Parents On Board

High school students and parents report high interest in skilled trade education and career opportunities but reveal more information is needed to inform their decision By / StrataTech Education Group When it comes to making post-graduation decisions, the most common reason high school students do not consider attending a trade school is not knowing about the options available, according to a recent survey commissioned by StrataTech Education Group, a student-first company that offers schools with technical career education programs. StrataTech conducted the survey to explore the attitudes and beliefs about trade schools and skilled trade careers among young Americans and their parents. 14 » Partners in Progress » www.pinp.org

“For decades, students and parents have believed a fouryear degree is necessary to succeed in life, but we believe differently,” said Mary Kelly, president and CEO of StrataTech Education Group. “When it comes to secondary education, there isn’t a one-size-fits-all approach for all graduates. We’re optimistic this research shows perceptions are shifting and there are opportunities to strengthen pathways to skilled trade opportunities.”

The survey included 2,000 respondents, half of which are current high school students and half of which are parents to current high schoolers. Major takeaways included: Today’s students and parents are interested in trade school education, but more information is needed. Parents and students most commonly reported their high schools promote four-year universities (73%) and two-year college programs (45%) as post-secondary education options. While 70% indicated their high school currently offers classes that align to the trades, only 32% reported their high school promotes trade school education as a potential path following graduation. While slightly over half of the students (51%) shared they have considered attending a trade school, several cited several barriers to making that decision, including: • Not knowing about the options available (33%) • Expense (31%) • Lack of confidence in their ability to perform a skilled trade (26%) • Pressure from the community to attend a four-year university (23%) Today’s parents would support skilled trades careers

The survey also revealed optimistic opinions among parents, indicating that they view trade schools as a credible career path for their child and one they would support their child pursing through post-secondary education. • More than 9 in 10 (93%) said they would support their child’s choice to pursue a career in skilled trades; • 62% said they would emotionally support their child’s choice; and • 57% indicated they would offer major financial support to fund a majority of the education with 47% reporting they would offer limited financial support, such as letting their child continue living at home while pursuing a skilled trades certification. Today’s students turn to personal research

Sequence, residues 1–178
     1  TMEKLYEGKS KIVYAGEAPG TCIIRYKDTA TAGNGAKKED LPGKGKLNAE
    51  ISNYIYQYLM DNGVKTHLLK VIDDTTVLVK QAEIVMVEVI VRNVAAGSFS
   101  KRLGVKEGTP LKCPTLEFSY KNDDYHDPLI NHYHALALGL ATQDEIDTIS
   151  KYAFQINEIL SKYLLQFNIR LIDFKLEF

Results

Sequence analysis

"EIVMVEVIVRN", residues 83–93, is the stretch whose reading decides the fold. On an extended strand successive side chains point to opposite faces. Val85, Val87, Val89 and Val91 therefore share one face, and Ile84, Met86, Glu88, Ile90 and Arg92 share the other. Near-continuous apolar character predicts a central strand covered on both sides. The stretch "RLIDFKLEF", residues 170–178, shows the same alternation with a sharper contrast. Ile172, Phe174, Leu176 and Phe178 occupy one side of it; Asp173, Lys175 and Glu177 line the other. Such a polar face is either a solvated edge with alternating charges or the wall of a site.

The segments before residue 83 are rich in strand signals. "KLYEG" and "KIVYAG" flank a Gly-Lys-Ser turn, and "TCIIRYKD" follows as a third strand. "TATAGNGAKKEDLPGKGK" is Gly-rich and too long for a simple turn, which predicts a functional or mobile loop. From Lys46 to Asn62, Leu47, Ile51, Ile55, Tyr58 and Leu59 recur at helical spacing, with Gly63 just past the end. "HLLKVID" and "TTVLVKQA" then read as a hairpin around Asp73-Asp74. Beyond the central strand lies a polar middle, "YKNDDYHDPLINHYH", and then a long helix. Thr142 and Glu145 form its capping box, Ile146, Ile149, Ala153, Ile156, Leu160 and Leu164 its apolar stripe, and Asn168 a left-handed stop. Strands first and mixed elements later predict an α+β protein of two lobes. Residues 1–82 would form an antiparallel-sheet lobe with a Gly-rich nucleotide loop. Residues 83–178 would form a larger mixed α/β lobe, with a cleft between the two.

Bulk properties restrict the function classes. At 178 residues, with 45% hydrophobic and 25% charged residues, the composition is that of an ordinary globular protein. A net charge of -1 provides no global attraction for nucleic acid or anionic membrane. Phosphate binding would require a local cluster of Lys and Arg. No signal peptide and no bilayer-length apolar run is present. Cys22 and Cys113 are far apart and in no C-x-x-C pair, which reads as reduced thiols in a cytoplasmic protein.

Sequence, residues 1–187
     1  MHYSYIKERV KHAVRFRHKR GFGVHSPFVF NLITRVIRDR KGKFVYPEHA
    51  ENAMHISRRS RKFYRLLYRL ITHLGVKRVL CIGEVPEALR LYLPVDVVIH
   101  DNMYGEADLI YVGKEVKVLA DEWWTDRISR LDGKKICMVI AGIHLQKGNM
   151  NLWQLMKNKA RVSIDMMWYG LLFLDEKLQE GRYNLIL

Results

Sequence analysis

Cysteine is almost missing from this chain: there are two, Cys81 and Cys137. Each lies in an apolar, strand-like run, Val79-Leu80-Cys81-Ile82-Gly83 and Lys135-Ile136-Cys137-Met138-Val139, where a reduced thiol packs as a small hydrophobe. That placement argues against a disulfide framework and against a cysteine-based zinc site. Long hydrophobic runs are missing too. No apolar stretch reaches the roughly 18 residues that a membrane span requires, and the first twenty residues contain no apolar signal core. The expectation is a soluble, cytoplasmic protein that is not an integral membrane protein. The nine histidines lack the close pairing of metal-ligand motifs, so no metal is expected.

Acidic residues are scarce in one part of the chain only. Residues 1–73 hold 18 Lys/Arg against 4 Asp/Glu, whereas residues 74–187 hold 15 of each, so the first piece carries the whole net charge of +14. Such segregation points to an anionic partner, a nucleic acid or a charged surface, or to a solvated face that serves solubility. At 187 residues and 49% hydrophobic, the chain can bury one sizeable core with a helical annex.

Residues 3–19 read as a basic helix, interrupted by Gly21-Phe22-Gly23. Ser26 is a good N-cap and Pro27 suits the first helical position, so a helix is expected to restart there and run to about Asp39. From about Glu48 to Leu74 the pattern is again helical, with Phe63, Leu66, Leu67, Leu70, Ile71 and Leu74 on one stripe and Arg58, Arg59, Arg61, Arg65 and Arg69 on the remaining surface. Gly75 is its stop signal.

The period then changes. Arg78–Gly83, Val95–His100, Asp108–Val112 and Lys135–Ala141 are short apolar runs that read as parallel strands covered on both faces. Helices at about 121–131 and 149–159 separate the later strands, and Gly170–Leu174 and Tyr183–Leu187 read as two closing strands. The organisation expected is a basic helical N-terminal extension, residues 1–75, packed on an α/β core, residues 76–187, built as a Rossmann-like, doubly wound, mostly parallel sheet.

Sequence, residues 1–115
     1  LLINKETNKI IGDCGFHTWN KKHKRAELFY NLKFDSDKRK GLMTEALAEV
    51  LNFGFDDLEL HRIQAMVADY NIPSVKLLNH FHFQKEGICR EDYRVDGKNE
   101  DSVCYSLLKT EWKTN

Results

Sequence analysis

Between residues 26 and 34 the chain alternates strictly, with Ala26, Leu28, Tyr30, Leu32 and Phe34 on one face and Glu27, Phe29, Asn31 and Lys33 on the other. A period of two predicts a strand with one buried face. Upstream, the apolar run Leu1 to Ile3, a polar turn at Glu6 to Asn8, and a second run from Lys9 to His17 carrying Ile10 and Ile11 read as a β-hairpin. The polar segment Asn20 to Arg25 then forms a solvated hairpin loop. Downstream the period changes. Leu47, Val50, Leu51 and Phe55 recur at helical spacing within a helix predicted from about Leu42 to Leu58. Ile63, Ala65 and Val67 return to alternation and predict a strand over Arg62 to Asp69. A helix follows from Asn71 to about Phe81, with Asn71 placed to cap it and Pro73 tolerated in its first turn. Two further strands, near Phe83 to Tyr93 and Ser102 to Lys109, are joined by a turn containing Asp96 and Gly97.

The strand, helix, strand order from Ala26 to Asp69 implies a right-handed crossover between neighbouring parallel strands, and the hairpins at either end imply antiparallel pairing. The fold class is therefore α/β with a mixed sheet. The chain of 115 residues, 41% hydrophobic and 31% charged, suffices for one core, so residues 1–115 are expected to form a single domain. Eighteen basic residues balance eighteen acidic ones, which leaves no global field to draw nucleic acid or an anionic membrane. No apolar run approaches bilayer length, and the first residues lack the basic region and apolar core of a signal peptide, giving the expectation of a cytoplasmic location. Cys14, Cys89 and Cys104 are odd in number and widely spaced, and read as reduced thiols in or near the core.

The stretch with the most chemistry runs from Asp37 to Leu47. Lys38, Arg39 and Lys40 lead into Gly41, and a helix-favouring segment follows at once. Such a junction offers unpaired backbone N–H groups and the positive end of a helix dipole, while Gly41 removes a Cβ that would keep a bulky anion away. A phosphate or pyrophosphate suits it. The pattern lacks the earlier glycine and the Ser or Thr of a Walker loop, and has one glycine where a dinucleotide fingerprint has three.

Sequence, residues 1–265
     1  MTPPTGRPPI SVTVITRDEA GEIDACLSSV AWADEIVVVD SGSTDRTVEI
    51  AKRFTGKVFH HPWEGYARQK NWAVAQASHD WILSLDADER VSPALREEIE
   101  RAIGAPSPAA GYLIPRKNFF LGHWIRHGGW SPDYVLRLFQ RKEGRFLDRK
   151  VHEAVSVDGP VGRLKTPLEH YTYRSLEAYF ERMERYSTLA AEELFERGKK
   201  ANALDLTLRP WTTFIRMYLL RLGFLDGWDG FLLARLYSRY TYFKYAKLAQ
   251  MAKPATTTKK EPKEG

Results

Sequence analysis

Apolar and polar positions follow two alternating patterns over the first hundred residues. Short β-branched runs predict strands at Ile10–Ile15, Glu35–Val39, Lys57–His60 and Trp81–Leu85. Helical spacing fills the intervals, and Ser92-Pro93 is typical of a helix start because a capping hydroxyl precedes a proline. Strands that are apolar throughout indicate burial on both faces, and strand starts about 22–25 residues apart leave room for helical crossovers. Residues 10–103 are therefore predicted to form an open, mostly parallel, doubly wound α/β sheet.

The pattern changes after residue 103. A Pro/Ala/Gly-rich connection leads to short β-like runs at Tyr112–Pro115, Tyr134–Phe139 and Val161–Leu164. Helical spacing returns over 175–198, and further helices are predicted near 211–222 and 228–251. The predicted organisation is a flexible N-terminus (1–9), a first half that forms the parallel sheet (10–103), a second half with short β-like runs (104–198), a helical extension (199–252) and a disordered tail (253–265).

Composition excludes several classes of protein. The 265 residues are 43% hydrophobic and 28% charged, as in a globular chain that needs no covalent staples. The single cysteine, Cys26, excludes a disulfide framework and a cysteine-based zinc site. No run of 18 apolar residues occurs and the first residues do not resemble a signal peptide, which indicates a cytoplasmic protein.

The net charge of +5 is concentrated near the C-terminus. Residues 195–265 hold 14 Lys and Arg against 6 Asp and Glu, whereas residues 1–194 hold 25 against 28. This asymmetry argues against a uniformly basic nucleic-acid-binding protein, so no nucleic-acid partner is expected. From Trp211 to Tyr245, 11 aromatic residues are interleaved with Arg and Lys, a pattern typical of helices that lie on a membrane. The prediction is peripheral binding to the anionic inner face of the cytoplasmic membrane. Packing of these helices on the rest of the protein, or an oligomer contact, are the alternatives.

The survey also aimed to uncover student opinions about the sources they believe are most important to informing their decisions

“Most respondents also shared for profit (82% parents/73% students) and trade or vocational schools (82% parents/73% students) are just as credible as traditional college.”

about their next steps following high school graduation. Personal research ranked as the highest (28%) followed by parents/family members (23%) as the most important sources. For personal research, students largely reported turning to online sources (59%) and social media (43%). Trade schools and for-profit schools are viewed credible

The majority of parents and students largely agreed a four-year bachelor’s degree is required to secure a good job (70%) and offers a good return on investment (75%). Similarly, most respondents also shared for profit (82% parents/73% students) and trade or vocational schools (82% parents/73% students) are just as credible as traditional college. Quality of life ranks as the most important variable

When asked to select attributes that are important to them in a career, most respondents selected stability (69%) and quality of life (69%). Although when asked about what is most important, quality of life outperformed stability (26% vs. 20%). For more information about StrataTech Education Group, please visit www.stratatech.com. ▪ Methodology: The survey was fielded using the Qualtrics Insight Platform with the panel sourced from Lucid. Respondents included 1,000 high school students and 1,000 parents to high school student across the United States. This article was reprinted with permission from StrataTech Education Group.

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Partners in Progress Vol 14 No 1